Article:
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The diverging partisan views are a little clearer when we breakdown the numbers on excess profits. As the chart below shows, the views on manufacturing and marketing are very similar in the breakdown of costs. The big differences are in excess profits where, among Republicans, 48 percent feel that excess profits basically don’t exist. This number is just 30 percent among Democrats. Looking at it from the other direction, 51 percent of Democrats feel excess profits are a significant driver of costs, while just 36 percent of Republicans feel the same way.

Drug Prices.png

It is worth noting that the views on acceptable profits are not that far off with 63 percent of Democrats feeling that acceptable profits are a significant driver of costs. Across the aisle, 54 percent of Republicans share this view.

Unlike partisanship, there is just about no difference in views on excess profits when it comes to the generations of voters. There is an interesting difference, however, between acceptable profits when it comes to GenX and Millennials. GenX Americans are much more open to bigger profits (feeling 30 percent on average goes to this category) than their younger counterparts (21 percent). Millennials, on the other hand, feel that more of the cost goes to R&D (26 percent) when compared to all other generations, especially GenX (21 percent).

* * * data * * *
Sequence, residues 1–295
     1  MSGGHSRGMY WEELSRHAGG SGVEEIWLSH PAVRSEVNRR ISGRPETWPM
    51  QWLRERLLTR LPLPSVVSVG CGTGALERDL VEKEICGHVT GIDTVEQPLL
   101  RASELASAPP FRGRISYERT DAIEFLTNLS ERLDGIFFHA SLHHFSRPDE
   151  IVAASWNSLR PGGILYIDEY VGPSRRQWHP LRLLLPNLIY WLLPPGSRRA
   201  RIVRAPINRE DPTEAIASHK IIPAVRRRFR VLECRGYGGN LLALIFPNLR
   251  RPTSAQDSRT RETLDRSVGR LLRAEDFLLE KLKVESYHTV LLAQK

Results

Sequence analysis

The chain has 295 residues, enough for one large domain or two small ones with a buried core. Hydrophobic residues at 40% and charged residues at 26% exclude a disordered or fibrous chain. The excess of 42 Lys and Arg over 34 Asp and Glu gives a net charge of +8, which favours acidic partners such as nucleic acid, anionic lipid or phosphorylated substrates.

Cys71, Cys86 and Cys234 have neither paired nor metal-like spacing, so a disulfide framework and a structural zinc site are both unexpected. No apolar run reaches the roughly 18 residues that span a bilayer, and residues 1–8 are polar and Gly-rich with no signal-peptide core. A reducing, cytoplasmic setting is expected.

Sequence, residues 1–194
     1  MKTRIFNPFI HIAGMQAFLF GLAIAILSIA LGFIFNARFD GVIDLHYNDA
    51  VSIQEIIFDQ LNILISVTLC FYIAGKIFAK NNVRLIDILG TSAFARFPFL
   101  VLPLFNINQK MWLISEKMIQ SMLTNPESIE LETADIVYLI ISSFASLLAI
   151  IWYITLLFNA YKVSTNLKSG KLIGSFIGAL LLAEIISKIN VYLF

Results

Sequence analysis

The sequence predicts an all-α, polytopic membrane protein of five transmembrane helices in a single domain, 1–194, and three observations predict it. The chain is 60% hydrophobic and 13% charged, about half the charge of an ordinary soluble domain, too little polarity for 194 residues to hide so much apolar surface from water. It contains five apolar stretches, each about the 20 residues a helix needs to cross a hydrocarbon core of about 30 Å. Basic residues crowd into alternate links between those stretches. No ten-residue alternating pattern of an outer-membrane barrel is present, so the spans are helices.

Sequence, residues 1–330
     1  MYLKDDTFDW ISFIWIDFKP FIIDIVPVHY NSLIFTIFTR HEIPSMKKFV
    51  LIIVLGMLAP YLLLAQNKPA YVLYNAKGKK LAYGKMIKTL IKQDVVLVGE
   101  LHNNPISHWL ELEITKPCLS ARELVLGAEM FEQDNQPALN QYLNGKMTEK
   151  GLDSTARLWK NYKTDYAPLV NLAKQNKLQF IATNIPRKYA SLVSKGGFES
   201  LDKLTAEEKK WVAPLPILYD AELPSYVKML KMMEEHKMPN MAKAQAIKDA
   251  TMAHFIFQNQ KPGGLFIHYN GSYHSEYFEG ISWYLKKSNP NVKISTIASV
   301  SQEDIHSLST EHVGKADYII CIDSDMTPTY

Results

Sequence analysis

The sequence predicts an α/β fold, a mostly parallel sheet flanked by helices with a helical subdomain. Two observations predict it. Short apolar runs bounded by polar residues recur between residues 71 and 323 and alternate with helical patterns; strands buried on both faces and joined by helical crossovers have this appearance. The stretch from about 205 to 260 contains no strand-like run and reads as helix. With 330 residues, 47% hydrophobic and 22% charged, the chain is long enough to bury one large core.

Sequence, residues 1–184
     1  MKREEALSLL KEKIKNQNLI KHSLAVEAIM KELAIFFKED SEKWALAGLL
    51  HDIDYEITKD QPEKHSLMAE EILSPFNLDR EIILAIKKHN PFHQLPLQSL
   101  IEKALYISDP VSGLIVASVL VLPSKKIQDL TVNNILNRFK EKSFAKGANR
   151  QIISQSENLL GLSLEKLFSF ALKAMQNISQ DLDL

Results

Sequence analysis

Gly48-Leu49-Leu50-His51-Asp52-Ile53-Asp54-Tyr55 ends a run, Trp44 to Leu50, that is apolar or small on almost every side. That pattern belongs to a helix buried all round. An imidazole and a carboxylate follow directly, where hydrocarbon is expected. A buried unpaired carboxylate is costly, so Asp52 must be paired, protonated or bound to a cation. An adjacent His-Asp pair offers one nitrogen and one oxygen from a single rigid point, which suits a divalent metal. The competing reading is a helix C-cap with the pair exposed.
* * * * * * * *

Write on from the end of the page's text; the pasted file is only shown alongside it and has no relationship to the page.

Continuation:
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Politically, it is clear that this can be a winning issue, and politicians certainly seem aware of this fact. However, as is often the case, if you are just looking at the topline numbers, you are taking a chance of overreaching and pushing for changes that Americans might not be comfortable with. For the pharmaceutical companies, there is a clear direction in these numbers and the differences between the younger generations are much more interesting than the more predictable political divides. These generational differences create an opportunity, as well as a challenge, for the industry - as well as for those who are looking to control costs. The chances of moving too far ahead of where public opinion and perception lie is always present. At the same time, doing nothing about pricing isn’t exactly a long-term winning strategy, either.